By Dr Rachael Marpole, Respiratory and General Paediatric Advanced trainee, Perth Children’s Hospital; Dr Andrew Wilson, Consultant and Head of Respiratory Department, Perth Children’s Hospital; Dr Noula Gibson, Research Coordinator, Physiotherapy Department, Perth Children’s Hospital; Dr Katherine Langdon, Rehabilitation Paediatrician, Kids Rehab, Perth Children’s Hospital
Cerebral palsy (CP) is the most common physical disability in childhood. The prevalence of CP is 1.4 per 1000 live births. It is a heterogeneous group of disorders, caused by a non-progressive lesion in the developing brain. CP can present with other comorbidities such as epilepsy or secondary complications such as progressive musculoskeletal issues, or respiratory disease. Whilst the secondary complications to the musculoskeletal system are relatively well known, the impact on the respiratory system is less known.
Respiratory disease in CP is the most common cause of mortality, morbidity and poor quality of life in the most severely affected. Children with CP are admitted more often and for longer than other children, with respiratory admissions being the most common cause of admission. Parents report that unplanned hospital admissions have a significant impact on quality of life. Also, adults with CP are 14 times more likely to die from respiratory diseases than the general adult population.
The respiratory disease process in CP is mainly caused by aspiration with the added issues of gastrointestinal dysfunction, motor impairment and epilepsy. Respiratory disease in CP presents as recurrent episodes of respiratory failure/wheezing with otherwise mild illnesses and/or silent progressive disease. Red flags include – severe cerebral palsy (Gross motor functional scale V), admission to hospital for respiratory illness during the previous year, or patients having required two courses of oral antibiotics for respiratory illness within 12 months. Potentially modifiable risk factors include oropharyngeal dysphagia (meal-time modifications), frequent respiratory symptoms, current seizures, gastrooesophageal reflux, mealtime respiratory symptoms and snoring every night See figure 1.1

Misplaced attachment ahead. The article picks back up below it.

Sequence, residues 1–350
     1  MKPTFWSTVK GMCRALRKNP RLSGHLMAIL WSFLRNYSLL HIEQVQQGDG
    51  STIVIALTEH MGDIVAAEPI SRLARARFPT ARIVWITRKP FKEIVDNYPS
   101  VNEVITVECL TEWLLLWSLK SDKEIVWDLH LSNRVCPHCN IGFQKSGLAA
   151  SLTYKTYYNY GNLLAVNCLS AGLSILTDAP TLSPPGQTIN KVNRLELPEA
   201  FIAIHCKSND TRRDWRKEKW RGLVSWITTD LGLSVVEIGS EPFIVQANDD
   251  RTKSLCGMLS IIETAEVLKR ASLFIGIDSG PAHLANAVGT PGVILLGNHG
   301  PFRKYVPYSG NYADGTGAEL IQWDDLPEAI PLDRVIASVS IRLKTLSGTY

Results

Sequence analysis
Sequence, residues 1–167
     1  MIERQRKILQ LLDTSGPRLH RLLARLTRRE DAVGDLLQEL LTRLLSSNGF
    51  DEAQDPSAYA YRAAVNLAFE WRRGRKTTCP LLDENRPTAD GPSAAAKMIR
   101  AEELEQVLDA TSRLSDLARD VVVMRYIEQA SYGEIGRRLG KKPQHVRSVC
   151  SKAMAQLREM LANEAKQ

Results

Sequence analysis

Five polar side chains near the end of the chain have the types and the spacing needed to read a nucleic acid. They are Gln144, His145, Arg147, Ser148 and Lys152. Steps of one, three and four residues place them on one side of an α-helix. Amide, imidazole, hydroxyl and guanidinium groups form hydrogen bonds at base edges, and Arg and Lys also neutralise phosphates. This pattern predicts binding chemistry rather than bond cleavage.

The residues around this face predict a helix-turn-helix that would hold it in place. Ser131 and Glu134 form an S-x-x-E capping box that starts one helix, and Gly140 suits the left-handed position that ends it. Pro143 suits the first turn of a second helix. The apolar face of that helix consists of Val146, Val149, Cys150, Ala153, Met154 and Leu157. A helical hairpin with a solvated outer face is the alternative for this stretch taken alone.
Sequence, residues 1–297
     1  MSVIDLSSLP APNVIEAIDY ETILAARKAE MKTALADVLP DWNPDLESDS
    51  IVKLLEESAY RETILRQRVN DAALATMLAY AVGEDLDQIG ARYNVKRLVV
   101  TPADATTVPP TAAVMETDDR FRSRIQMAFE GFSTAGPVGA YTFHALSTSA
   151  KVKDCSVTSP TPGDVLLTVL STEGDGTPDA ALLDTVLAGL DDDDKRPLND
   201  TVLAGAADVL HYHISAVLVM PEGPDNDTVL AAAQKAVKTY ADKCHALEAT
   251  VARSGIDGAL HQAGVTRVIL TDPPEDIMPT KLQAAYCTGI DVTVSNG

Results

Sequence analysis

The modifiable risk factors all have multiple different treatment options (see consensus statement ). By treating these we may reduce or prevent respiratory disease in this group improving mortality, morbidity, and quality of life.
What does this mean for GPs and primary health care providers?
- Be aware that children with cerebral palsy and other severe neurodisability are at increased risk of respiratory disease.
- Be aware of the risk factors.
- Prevention by treating potentially modifiable risk factors is key.
- Earlier treatment of wet sounding cough with antibiotics is indicated in these children, even if the rest of their examination is stable. Children with CP and wet cough may need a prolonged course of antibiotics as they are unable to effectively cough.
- If there are more than two episodes of antibiotics required for respiratory illness in 12 months consider referral to a respiratory doctor.
- Children with oropharyngeal dysphagia may not cough but present with gurgling/ wheezing during and post feeding.
- Aspiration is likely occurring all the time. There does not need to be an episode of choking/vomiting. Check that parents have had their child’s meal time management assessed by a speech pathologist.
- Gastrooesophageal reflux is common in children with CP. Management includes thickening feeds, sitting upright post meals, having small frequent meals and treating constipation. A trial of proton pump inhibitors for symptoms may be helpful. If there is associated delayed gastric emptying a hydrolysed formula may be tried. If this fails, consider referral to a gastroenterologist for further assessment and interventions.
For more information contact Rachael.Marpole@health.wa.gov.au
- Gibson N, Blackmore AM, Chang AB, Cooper MS, Jaffe A, Kong WR, et al. Prevention and management of respiratory disease in young people with cerebral palsy: consensus statement. Dev Med Child Neurol. 2021;63(2):172–82.